Since we mentioned Swaggerty, we can’t forget to mention another big name outfielder in the draft, Jarred Kelenic. This would be an interesting player for the White Sox to go after. Like Swaggerty, Kelenic is a lefty who is just as good. The thing that makes Kelenic interesting is that he is a high school player, someone the White Sox have not selected in the first round since Courtney Hawkins and Keon Barnum in 2012. Though the Sox haven’t selected high schoolers often in the first round, Kelenic does make a pretty good case. He makes a ton of contact, has great speed in the outfield, and has the chance to fill the center field need for the Sox, like Swaggerty. However, as we previously mentioned with Swaggerty, it seems unlikely that the Sox would decide the go with him over a more safer pick in Madrigal or Singer at number 4. While he is intriguing because of his tools and potential, look for Kelenic to land elsewhere in the Top 10.


This wouldn’t be a draft preview without a few predictions from members of the Sox On 35th crew. We tried our best to look into the crystal ball to see who will be selected with the fourth overall pick, and one name just seemed to keep reoccurring.

Jordan Lazowski: Nick Madrigal

MAN, did I struggle with this one. I really had a hard time picking between Madrigal and India. Madrigal is considered the best pure hitter in the draft, and his numbers show it;  just 35 strikeouts in his college career of 138 games, while sporting a career .368 batting average. I absolutely LOVE that sort of plate discipline and approach. The most important part is that he has a 3-year track record of similar numbers to back up the hype. Though he lacks home run power, Madrigal is the kind of player that I would love to watch come up through the ranks. If you listened to the latest White Sox Talk Podcast, Nick Hostetler sees an ability for Madrigal to play anywhere – with Gold Glove potential at 2B – with the right development. And if you’re worried about his height, Dustin Pedroia and Jose Altuve, say hello….

India, on the other hand, profiles as a long-term 3B with some serious power and above average discipline – 47 BB and 47 K on the season. However, he has shown just one year of top 5 potential – the past few years, he has profiled as a second or third round player.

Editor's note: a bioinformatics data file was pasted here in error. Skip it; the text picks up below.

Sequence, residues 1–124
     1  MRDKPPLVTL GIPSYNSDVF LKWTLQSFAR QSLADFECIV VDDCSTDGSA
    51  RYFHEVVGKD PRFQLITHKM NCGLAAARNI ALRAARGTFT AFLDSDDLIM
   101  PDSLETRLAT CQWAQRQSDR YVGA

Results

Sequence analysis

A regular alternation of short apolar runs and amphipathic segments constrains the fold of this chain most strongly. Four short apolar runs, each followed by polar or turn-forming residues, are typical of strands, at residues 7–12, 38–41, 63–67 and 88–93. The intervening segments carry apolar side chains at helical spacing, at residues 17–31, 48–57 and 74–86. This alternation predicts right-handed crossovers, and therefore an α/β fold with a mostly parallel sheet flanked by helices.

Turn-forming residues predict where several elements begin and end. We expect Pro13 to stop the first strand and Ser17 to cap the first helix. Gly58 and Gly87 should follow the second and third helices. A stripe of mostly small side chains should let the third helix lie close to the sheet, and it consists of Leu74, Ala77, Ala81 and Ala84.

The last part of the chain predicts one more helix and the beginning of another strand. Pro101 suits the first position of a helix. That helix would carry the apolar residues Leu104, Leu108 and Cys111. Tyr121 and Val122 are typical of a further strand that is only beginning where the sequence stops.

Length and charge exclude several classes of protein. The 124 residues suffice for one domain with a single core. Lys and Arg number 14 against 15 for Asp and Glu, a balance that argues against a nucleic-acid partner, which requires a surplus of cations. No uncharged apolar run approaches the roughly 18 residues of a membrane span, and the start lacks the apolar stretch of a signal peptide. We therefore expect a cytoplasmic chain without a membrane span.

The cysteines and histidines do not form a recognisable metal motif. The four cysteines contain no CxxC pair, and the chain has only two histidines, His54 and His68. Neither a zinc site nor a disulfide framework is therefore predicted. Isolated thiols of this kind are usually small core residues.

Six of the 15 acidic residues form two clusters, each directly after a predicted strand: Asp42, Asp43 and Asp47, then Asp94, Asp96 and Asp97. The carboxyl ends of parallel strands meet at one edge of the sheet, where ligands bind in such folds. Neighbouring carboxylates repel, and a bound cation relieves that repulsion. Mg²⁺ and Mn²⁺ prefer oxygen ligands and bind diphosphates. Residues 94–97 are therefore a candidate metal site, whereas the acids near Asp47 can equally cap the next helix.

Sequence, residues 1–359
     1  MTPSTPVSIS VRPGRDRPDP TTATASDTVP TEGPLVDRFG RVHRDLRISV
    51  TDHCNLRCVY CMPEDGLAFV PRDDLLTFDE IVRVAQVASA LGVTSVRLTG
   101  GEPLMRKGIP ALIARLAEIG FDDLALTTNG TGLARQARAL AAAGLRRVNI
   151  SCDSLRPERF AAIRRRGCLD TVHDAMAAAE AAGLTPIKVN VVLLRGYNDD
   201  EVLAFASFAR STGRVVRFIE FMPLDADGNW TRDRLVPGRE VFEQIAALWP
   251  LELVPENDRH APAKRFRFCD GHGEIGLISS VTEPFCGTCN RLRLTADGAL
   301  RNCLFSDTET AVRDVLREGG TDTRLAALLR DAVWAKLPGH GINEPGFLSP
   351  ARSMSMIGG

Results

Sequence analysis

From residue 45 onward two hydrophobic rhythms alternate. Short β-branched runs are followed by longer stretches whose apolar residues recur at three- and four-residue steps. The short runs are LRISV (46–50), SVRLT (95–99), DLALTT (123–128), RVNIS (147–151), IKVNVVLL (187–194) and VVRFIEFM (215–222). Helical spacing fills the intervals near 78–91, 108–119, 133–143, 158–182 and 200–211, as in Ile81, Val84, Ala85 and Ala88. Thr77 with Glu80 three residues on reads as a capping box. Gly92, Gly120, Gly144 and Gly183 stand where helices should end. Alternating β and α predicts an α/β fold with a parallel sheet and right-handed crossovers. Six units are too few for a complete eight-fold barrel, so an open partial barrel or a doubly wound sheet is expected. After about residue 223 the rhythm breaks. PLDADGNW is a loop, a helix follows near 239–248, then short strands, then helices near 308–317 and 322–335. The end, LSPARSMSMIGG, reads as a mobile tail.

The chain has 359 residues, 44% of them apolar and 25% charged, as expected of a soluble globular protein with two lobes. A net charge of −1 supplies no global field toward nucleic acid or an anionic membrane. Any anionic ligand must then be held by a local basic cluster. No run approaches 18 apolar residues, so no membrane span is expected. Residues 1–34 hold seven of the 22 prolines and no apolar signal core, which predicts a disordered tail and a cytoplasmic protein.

I want the White Sox to take the best hitter available at #4 without worrying about position. If it wasn’t already clear, I’d be thrilled with either India or Madrigal. I’ll stick with Madrigal based on gut feelings and track record, and I hope in 5 years I feel foolish for even questioning this pick.

Backup Picks (in order):Jonathan India (duh), Alec Bohm (similar to India with a better track record and more power potential), Brady Singer (please no more pitchers)


Nik Gaur: Alec Bohm

Call me crazy, but I can see the Phillies falling in love with Madrigal’s hit tool and taking him instead of Bohm, giving the White Sox a chance to snag him. If Alec Bohm is off the table, I would expect Brady Singer or Nick Madrigal.


Michael Gilger: Nick Madrigal

The White Sox are going into the 2018 draft with the mindset that Rick Hahn implemented: sustained success. So when forecasting who the Sox might pick, you have to evaluate who would contribute the most to the their sustained success. The White Sox have a plethora of great outfield prospects in Robert, Jimenez, Rutherford, Adolfo, and others. Additionally, the White Sox are maxed out on prospective pitchers (not to say they wouldn’t necessary draft more). But in my opinion, the White Sox would be looking to draft a long-term infielder, likely a 3B or SS.

The Sox are in luck because Oregon State’s infielder Nick Madrigal is exactly what they are looking for. Madrigal competed for one of the most competitive college baseball programs in the nation. He batted .370 in his entire college career, and walked more than he struck out. The White Sox would love a player that is patient, can always make contact, and can fit well in the long term plans. I think Madrigal is a no-brainer.

He is a hot commodity, so the White Sox just have to make sure that he isn’t taken before No. 4. I, for one, have my fingers crossed.


Joe Binder: Nick Madrigal

I think by the time the White Sox are on the clock, Alec Bohm will be off the board and it will come down to Brady Singer, Nick Madrigal, or Jonathan India. Due to the number of arms in the White Sox organization already, I’m predicting the White Sox will take a position player and it will be Madrigal. While I’m a big fan of Jonathan India and favor him over Bohm as a third baseman, I find it hard to believe the Sox will pass up on the best bat in the draft. Get ready to see Madrigal put on the black and white Monday night if he’s available at No. 4.

As fans, all we can do now is wait and see how the chips fall on Monday night. If you would like to watch the draft, you can view it on MLB Network and MLB.com. Also, be sure to follow us on Twitter @SoxOn35th for updates on who the White Sox select and our reaction. With a Top 4 pick, the organization will be sure to gain a very talented player who has the chance to make their impact felt in a big way down the road.

Who do you predict to the White Sox to draft? Let us know in the comments!

  1. […] However, in this article, I don’t want to predict the future since we already did that in our draft preview. Instead, I want to go back and look at who the White Sox selected in the first round from the […]